With limited time, resources, and multiple hats to wear, business owners often find things like accounting, bookkeeping, and filing tax difficult to get right.
Yet proper accounting is key to an accurate picture of your overall financial health. If you don’t know how your business is really doing, then expanding it or even staying afloat could be a struggle.
You might also miss out on cost-saving opportunities as a result of accounting mistakes. Worst still, mix-ups and errors could get you into trouble with tax authorities.
If you want to get the financial side of things right, here are nine accounting mistakes to avoid.
1. Not tracking cash flows
Turning a profit doesn’t mean you’ll have cash in the bank when you need it.
Your ability to stay in business depends on whether you can pay your suppliers, employees, and other creditors, which is why preparing and analyzing cash flow forecasts is so important. By recording the timing and amount of money you’re expecting to come in and go out, you can identify potential shortfalls in cash flow and take steps to resolve it.
2. Not recording all financial transactions
Even transactions involving seemingly small amounts add up over time, so every financial transaction should be recorded and categorized.
With your books complete, you can analyze financial data and gain insight into your revenues and costs, who your customers are, how well you’re managing debts, and look for improvement opportunities.
Accurate records also allow you to pay the appropriate amount of tax and claim all deductions you’re entitled to.
3. Categorizing assets and liability incorrectly
Classifying financial transactions isn’t always easy, as there are technical and accounting principles that drive what, when, and how much to recognize your financial statements as assets and liabilities. While some transactions are straightforward, accounting for stock, prepayments, accruals, leases, and intangibles can be particularly tricky without the help of an accounting professional.
4. Not performing regular reconciliations
A reconciliation allows you to check the accuracy of an account balance by comparing it to information recorded somewhere else. For example, in a bank reconciliation, you would compare the cash balance in your books to your actual bank balance. In a stock reconciliation, you could compare your stock records with a physical stock count.
If you don’t reconcile account balances regularly, then discrepancies could go unnoticed and lead to inaccurate reporting.
5. Not having an integrated financial system
An integrated financial system based on cloud technology gives you access to apps and online tools that are connected with one another. This allows financial transactions to be tracked in multiple places automatically. As a result, you won’t have to waste time updating different databases or spreadsheets, and it reduces the chance of data entry errors.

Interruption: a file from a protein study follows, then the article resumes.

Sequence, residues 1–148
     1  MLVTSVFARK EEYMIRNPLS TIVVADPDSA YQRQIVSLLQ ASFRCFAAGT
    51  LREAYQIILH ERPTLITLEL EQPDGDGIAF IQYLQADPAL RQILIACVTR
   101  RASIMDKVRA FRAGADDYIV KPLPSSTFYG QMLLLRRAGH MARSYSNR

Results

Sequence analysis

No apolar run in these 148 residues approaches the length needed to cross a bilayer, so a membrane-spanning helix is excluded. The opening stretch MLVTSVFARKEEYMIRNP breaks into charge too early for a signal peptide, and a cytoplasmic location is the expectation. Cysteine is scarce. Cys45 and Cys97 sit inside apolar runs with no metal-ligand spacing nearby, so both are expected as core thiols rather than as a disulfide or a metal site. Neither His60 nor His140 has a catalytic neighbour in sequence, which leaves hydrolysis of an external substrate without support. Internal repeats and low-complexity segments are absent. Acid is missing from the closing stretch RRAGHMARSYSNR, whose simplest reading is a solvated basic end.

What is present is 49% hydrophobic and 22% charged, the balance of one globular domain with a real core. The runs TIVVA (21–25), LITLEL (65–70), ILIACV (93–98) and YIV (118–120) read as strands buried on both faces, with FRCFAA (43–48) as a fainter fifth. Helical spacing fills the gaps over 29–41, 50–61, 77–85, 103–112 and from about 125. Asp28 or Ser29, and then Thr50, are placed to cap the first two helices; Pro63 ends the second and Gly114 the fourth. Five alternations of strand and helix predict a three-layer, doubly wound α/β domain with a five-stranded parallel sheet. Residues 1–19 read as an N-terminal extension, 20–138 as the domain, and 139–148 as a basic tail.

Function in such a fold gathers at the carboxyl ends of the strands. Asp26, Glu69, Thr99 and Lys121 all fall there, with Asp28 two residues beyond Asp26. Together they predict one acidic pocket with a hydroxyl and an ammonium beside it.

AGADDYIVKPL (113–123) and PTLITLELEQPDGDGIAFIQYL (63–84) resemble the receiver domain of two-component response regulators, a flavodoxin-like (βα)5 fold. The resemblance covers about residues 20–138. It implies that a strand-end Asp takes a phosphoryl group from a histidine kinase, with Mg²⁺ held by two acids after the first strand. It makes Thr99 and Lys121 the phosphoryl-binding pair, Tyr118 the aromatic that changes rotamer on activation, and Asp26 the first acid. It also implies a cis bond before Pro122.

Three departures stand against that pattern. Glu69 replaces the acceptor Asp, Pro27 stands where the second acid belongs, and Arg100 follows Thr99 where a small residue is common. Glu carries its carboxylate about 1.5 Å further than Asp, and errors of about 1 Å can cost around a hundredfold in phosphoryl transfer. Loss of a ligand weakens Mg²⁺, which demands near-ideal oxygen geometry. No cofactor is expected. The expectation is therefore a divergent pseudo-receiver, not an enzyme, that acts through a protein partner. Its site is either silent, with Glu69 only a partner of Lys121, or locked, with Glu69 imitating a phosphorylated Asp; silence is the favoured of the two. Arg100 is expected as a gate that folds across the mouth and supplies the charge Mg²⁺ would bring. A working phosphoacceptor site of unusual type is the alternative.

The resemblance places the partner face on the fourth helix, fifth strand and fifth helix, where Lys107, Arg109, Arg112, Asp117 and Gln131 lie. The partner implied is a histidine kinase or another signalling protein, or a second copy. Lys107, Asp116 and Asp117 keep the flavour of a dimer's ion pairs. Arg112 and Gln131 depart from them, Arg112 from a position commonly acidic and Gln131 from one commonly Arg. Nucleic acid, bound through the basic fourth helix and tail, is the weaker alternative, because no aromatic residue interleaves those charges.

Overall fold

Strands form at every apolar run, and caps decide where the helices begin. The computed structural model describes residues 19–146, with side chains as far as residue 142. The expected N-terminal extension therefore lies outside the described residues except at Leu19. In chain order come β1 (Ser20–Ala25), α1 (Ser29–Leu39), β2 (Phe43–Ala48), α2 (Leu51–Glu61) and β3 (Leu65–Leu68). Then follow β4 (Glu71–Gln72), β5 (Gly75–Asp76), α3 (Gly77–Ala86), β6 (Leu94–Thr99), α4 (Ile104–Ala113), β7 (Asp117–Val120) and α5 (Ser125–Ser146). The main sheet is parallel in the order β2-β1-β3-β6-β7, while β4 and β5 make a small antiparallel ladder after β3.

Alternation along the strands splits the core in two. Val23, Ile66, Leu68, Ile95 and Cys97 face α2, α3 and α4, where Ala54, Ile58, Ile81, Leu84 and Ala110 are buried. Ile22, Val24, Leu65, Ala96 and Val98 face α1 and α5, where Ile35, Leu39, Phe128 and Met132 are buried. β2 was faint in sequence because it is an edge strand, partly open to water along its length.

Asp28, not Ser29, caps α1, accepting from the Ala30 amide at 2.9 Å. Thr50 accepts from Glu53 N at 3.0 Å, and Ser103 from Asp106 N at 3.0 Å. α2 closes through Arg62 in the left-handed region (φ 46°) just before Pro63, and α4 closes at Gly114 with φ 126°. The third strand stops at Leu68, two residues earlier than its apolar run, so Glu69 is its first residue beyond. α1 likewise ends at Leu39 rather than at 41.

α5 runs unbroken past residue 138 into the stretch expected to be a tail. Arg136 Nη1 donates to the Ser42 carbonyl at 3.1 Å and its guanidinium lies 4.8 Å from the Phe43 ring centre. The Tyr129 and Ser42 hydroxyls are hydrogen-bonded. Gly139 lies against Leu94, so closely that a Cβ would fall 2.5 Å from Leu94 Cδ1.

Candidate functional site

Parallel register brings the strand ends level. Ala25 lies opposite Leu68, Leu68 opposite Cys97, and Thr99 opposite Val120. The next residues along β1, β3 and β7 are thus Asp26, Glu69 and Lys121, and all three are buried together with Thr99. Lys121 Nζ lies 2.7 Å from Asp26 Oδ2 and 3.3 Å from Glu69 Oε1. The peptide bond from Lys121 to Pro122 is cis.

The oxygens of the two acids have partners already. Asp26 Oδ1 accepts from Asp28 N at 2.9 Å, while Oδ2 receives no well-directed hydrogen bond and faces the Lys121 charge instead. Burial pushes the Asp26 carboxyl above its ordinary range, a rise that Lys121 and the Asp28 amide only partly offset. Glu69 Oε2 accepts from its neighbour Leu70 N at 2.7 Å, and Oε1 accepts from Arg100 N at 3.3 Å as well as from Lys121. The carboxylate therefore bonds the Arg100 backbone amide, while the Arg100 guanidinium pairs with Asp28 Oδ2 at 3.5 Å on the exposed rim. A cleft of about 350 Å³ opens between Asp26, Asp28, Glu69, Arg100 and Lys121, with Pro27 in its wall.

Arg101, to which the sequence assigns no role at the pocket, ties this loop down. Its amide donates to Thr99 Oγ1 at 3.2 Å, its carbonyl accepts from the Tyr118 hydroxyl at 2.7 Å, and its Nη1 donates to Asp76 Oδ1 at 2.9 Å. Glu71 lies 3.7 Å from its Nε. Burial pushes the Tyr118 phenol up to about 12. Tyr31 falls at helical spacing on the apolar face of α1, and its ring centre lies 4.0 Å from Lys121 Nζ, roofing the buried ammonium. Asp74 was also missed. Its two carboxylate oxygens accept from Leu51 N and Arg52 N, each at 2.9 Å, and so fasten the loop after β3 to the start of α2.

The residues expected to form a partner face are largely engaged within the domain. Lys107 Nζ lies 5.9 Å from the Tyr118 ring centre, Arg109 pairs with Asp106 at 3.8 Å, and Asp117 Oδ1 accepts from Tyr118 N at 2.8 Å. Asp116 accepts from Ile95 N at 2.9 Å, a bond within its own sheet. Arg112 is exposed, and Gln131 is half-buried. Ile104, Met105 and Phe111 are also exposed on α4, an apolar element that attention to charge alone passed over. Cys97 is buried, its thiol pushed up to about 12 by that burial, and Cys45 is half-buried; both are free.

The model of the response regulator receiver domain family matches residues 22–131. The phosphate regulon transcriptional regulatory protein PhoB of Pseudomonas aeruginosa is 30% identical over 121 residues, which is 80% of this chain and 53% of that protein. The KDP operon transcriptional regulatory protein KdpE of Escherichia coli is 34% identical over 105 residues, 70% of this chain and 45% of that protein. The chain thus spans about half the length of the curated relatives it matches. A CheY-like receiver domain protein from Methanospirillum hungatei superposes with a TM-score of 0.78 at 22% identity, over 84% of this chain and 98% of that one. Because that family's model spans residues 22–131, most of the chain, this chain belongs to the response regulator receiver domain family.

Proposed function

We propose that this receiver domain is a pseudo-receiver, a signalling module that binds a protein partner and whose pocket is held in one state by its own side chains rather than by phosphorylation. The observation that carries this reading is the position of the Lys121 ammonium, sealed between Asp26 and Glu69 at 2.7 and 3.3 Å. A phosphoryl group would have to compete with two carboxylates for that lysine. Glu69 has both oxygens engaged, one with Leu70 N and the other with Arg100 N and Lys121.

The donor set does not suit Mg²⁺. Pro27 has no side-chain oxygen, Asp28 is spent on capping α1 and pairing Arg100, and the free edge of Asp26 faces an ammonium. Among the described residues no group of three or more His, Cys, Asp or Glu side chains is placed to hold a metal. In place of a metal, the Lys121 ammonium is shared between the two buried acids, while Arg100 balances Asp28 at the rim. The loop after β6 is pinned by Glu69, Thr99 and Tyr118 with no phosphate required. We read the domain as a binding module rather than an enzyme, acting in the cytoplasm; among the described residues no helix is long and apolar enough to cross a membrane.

Whether it’s paying bills, invoicing, or capturing receipts, it’s simply quicker and less effort with the cloud. Most accounting software relies on the double-entry bookkeeping method too, and this captures the effects of business transactions more fully and minimizes arithmetic mistakes.
6. Mixing personal and business finances
Having a business bank account may not be an urgent priority in the early days of your operations, but as business transactions grow in volume and complexity, it can be difficult to separate personal and business items. Not only could this lead to more work at tax time, but you could also end up missing out on claiming a tax deduction or unintentionally making a false claim.
If you’re looking to secure additional funding to grow your business, then mixing personal and business transactions could make it more difficult for a potential lender to evaluate your finances.
7. Not keeping receipts and records
Throwing away receipts could lead to financial transactions not being recorded or entered incorrectly into your accounting system. The risk here is that the true cost of doing business isn’t being tracked and reflected in your expense reports or financial statements.
Small business owners often end up paying too much tax as well because they can’t file an expense claim without supporting documents or receipts.
8. Not scheduling regular backups
Whatever technology you’re using to account for your business transactions, it would cause serious problems if important data files were lost because of a system crash, hard drive failures, or destruction of servers. Files can be deleted by accident too and major changes like operating system upgrades can also cause unintended data loss.
Without backup copies, it would be impossible to restore files or databases. You would lose records and reports that support tax returns and satisfy audit requirements.
If you would like to avoid disruptions to your operations, you can schedule backups to occur outside of operating hours.
9. Trying to do everything on your own
Although it may seem a good idea to handle company financials on your own, a DIY approach could put your business at a disadvantage. You could miss tax-related filing deadlines, under-claim deductions, forego tax planning opportunities, and make mistakes in technical accounting areas.
Apart from offering technical advice, an accounting expert could help you get more out of your accounting software and identify errors in your books.
Having a strong accounting process is the cornerstone to good financial health. If you’re looking to strengthen your accounting practices, becoming aware of potential mistakes and finding ways to avoid them are great initial steps.